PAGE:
The launch of the new Volvo S80 this month represents more than just another new car that the Swedish company is introducing to this market. It marks the beginning of a new era for the company in Malaysia with a new organization and new approach to selling cars.
Firstly, the presence and role of a wholly-owned subsidiary of Volvo Car Corporation known as Volvo Car Malaysia Sdn Bhd (VCM) is now fully evident. VCM has been in existence since May 1999 but has not been publicised much because it has been busy getting its infrastructure established and focussed on the new product launch. Referred to as a ‘sales company’, its basic functions are the import and wholesale of Volvo cars to the local dealer, Federal Auto Holdings Bhd (FAHB).
“Setting up a sales company in a market is not new; Volvo has been doing it for a long time in other places and has found it to be a more efficient business structure,” Lena Olving, Managing Director of VCM told Autoworld.com.my.
VCM’s functions include sales and dealer operations, marketing, technical training, customer service, process implementation, parts distribution and pricing strategies. “We don’t use the ‘McDonald’s formula’ where a standard practice and process is applied globally because each market has unique features and requirements so it is much better for us to be right here and have an intimate understanding of what is happening,” said Ms Olving of her organization which has mainly Malaysian staff.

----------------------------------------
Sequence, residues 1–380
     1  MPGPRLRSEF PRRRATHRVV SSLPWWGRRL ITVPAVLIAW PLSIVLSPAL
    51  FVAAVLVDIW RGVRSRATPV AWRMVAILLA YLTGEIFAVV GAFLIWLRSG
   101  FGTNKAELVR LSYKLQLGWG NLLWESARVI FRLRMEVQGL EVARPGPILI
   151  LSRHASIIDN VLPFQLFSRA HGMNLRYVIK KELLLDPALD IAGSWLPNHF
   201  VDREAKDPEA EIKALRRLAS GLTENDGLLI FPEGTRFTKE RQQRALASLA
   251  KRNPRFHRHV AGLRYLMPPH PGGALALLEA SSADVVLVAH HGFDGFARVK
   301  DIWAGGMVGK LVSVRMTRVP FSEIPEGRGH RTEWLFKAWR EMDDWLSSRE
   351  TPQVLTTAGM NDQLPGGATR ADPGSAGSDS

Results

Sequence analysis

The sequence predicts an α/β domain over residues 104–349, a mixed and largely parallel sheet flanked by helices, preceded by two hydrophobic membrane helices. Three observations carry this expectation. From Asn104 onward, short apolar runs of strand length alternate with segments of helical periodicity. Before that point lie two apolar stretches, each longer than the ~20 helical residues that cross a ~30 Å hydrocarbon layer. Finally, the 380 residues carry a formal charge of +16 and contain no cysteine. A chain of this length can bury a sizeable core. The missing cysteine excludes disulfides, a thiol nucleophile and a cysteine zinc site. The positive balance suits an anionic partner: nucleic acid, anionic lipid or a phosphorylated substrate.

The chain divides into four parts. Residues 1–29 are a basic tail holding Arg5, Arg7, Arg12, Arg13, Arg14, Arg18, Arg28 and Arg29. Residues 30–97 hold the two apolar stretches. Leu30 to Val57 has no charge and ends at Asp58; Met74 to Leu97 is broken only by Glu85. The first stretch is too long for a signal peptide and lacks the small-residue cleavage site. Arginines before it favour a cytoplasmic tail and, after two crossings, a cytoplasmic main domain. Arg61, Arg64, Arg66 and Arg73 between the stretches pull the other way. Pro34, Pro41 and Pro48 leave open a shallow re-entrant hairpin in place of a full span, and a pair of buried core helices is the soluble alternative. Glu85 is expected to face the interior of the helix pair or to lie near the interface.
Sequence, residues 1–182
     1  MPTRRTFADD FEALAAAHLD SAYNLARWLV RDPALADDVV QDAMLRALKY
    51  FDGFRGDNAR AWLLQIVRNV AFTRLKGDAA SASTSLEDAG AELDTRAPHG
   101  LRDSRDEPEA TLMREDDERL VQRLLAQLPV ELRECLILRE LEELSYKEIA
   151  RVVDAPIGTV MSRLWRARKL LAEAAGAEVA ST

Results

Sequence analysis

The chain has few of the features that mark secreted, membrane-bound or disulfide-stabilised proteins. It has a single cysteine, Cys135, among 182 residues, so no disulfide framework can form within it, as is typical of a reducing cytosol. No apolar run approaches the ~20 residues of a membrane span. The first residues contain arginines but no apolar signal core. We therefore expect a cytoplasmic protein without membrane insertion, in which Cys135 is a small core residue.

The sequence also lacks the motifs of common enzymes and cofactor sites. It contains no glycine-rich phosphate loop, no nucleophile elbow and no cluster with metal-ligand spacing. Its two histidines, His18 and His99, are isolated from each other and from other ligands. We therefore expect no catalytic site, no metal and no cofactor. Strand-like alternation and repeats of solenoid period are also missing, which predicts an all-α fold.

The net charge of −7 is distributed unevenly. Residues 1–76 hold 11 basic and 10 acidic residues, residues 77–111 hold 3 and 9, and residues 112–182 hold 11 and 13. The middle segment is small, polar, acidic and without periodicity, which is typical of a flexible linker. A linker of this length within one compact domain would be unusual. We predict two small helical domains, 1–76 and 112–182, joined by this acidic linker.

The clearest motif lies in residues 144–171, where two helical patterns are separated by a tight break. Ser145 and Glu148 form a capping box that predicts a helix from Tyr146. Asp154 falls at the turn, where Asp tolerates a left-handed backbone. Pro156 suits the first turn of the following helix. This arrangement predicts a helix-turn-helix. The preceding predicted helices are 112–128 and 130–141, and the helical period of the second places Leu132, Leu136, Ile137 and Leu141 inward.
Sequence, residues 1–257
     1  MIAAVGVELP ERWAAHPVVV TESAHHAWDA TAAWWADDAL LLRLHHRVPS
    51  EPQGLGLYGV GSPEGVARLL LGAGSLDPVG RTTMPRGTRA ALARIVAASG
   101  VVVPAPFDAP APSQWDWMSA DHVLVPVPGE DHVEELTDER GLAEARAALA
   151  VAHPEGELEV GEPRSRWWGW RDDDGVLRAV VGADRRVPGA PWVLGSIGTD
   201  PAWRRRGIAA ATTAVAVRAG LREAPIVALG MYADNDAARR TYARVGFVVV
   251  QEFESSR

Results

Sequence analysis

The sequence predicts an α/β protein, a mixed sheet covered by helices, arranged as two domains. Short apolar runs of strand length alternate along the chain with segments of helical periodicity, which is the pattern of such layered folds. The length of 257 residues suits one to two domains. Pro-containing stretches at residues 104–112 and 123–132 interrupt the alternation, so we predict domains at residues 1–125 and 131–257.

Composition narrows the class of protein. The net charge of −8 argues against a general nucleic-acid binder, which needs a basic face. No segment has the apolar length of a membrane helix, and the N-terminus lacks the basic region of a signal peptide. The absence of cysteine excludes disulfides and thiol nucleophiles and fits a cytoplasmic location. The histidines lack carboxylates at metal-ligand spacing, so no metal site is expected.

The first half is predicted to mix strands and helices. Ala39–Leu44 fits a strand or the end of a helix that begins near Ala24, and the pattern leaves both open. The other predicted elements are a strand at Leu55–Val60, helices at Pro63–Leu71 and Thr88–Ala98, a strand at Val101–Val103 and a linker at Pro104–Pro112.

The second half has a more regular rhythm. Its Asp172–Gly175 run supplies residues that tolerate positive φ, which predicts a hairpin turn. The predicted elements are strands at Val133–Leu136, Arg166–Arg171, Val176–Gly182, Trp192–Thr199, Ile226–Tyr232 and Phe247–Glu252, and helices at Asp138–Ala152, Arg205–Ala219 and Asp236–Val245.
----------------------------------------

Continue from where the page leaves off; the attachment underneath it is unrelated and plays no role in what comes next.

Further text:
Ms Olving said that FAHB was not pressured into giving up its previous role as franchise holder, importer and distributor. She said that the company, which has handled the Volvo franchise right from the start in the 1960s, understood the advantages of having VCM and had jointly submitted an application to the authorities.
“We established VCM not because FAHB has not been doing a good job; on the contrary, they have done well,” emphasised Ms Olving. “As a manufacturer selling globally, we naturally have the knowledge and expertise of marketing which is broader than what our local partner would have and we can share this global competence with them by being here. At the same time, we can invest more time and money in building our brand which is of great importance to us in the long-term,” she explained.
As before, Volvo also continues to have equity in FAHB and the present level is 16% with representation on the board. “With a stake in FAHB, we naturally would like to see it do well too!” she added.
With Volvo taking a more active role in marketing, there has been a quiet change in the company’s showroom/ head office in Kuala Lumpur. The building, situated alongside Jalan Klang Lama, is one of only three car showrooms in the city that has remained in the same place since the 1960s. It has been renovated in time for the S80 launch and now incorporates an art gallery, cafe bar and theatrette. The showroom in KL is the first to be renovated and the bigger showrooms in other towns will also receive upgrading of an almost similar nature.
“These additional facilities complement our approach to selling Volvos and allow us to impress upon our customers Volvo’s values,” said Pang Cheong Yan, VCM’s Marketing Director. “Even before we start to show our cars to customers, we want to make them comfortable and see a short movie that explains what we mean by ‘Volvo for Life’. It’s a ‘phased approach’ which gradually warms them to our products so that when we introduce the car, they are already positive towards it.”
The arrival of the new Volvo S80 has also been given extra publicity by the 12-day ‘Volvo for Life Festival’ at Bintang Walk in Kuala Lumpur (for further details, please refer to our earlier report).